The anaplastic lymphoma kinase (ALK) is a receptor tyrosine kinase known for its oncogenic potential that is involved in the development of the peripheral and central nervous system. ALK receptor ligands ALKAL1 and ALKAL2 were recently found to promote neuronal differentiation and survival. Here, we show that inflammation or injury enhanced ALKAL2 expression in a subset of TRPV1+ sensory neurons. Notably, ALKAL2 was particularly enriched in both mouse and human peptidergic nociceptors, yet weakly expressed in nonpeptidergic, large-diameter myelinated neurons or in the brain. Using a coculture expression system, we found that nociceptors exposed to ALKAL2 exhibited heightened excitability and neurite outgrowth. Intraplantar CFA or intrathecal infusion of recombinant ALKAL2 led to ALK phosphorylation in the lumbar dorsal horn of the spinal cord. Finally, depletion of ALKAL2 in dorsal root ganglia or blocking ALK with clinically available compounds crizotinib or lorlatinib reversed thermal hyperalgesia and mechanical allodynia induced by inflammation or nerve injury, respectively. Overall, our work uncovers the ALKAL2/ALK signaling axis as a central regulator of nociceptor-induced sensitization. We propose that clinically approved ALK inhibitors used for non–small cell lung cancer and neuroblastomas could be repurposed to treat persistent pain conditions.
Manon Defaye, Mircea C. Iftinca, Vinicius M. Gadotti, Lilian Basso, Nasser S. Abdullah, Mélissa Cuménal, Francina Agosti, Ahmed Hassan, Robyn Flynn, Jérémy Martin, Vanessa Soubeyre, Gaetan Poulen, Nicolas Lonjon, Florence Vachiery-Lahaye, Luc Bauchet, Pierre Francois Mery, Emmanuel Bourinet, Gerald W. Zamponi, Christophe Altier
Once human photoreceptors die, they do not regenerate, thus, photoreceptor transplantation has emerged as a potential treatment approach for blinding diseases. Improvements in transplant organization, donor cell maturation, and synaptic connectivity to the host will be critical in advancing this technology for use in clinical practice. Unlike the unstructured grafts of prior cell-suspension transplantations into end-stage degeneration models, we describe the extensive incorporation of induced pluripotent stem cell (iPSC) retinal organoid–derived human photoreceptors into mice with cone dysfunction. This incorporative phenotype was validated in both cone-only as well as pan-photoreceptor transplantations. Rather than forming a glial barrier, Müller cells extended throughout the graft, even forming a series of adherens junctions between mouse and human cells, reminiscent of an outer limiting membrane. Donor-host interaction appeared to promote polarization as well as the development of morphological features critical for light detection, namely the formation of inner and well-stacked outer segments oriented toward the retinal pigment epithelium. Putative synapse formation and graft function were evident at both structural and electrophysiological levels. Overall, these results show that human photoreceptors interacted readily with a partially degenerated retina. Moreover, incorporation into the host retina appeared to be beneficial to graft maturation, polarization, and function.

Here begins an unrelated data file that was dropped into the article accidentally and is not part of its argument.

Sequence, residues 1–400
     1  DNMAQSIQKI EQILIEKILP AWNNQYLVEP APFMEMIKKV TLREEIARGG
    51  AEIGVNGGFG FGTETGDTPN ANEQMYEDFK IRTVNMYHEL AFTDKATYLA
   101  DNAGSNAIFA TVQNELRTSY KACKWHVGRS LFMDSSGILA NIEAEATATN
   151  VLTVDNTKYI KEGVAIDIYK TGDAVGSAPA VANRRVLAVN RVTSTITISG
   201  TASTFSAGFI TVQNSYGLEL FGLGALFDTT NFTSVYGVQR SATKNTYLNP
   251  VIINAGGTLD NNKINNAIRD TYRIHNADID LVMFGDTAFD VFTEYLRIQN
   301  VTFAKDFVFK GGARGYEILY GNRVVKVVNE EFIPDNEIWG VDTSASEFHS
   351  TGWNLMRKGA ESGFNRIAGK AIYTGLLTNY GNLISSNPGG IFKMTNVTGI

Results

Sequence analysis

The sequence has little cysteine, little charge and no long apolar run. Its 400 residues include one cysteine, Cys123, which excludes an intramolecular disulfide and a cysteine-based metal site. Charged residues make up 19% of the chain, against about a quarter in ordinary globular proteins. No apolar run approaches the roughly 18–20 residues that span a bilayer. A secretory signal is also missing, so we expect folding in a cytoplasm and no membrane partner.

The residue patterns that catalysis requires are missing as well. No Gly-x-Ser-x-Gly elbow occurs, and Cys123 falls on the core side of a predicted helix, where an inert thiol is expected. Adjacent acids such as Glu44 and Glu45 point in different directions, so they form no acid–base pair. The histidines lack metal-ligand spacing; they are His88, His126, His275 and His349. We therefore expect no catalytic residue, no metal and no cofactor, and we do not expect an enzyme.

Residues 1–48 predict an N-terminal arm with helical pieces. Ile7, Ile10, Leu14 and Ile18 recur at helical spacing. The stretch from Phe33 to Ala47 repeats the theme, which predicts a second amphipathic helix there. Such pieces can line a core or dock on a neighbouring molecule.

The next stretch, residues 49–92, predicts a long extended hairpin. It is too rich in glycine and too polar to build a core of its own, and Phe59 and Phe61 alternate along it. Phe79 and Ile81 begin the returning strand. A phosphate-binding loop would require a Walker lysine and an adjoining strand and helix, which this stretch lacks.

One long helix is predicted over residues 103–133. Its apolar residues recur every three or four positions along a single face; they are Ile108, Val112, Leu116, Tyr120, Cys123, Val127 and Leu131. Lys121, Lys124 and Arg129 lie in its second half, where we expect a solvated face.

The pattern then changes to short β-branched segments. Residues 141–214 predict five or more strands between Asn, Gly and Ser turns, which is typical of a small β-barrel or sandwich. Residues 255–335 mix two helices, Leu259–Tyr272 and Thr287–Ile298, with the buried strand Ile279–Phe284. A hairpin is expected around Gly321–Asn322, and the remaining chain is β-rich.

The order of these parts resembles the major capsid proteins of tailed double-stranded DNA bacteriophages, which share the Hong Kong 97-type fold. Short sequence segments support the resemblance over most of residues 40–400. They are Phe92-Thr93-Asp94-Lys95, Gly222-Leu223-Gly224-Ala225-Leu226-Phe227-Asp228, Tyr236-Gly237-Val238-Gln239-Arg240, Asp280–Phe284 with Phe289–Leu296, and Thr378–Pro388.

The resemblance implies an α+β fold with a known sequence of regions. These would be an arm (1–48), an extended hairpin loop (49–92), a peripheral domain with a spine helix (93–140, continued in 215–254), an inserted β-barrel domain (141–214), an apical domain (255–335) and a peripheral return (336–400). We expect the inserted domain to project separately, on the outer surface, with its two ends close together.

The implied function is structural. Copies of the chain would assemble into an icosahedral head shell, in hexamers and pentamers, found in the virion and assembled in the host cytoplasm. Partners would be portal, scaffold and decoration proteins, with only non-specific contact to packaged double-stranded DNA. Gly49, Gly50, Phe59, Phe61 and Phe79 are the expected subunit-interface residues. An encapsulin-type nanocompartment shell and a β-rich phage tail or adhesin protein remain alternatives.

Sylvia J. Gasparini, Karen Tessmer, Miriam Reh, Stephanie Wieneke, Madalena Carido, Manuela Völkner, Oliver Borsch, Anka Swiersy, Marta Zuzic, Olivier Goureau, Thomas Kurth, Volker Busskamp, Günther Zeck, Mike O. Karl, Marius Ader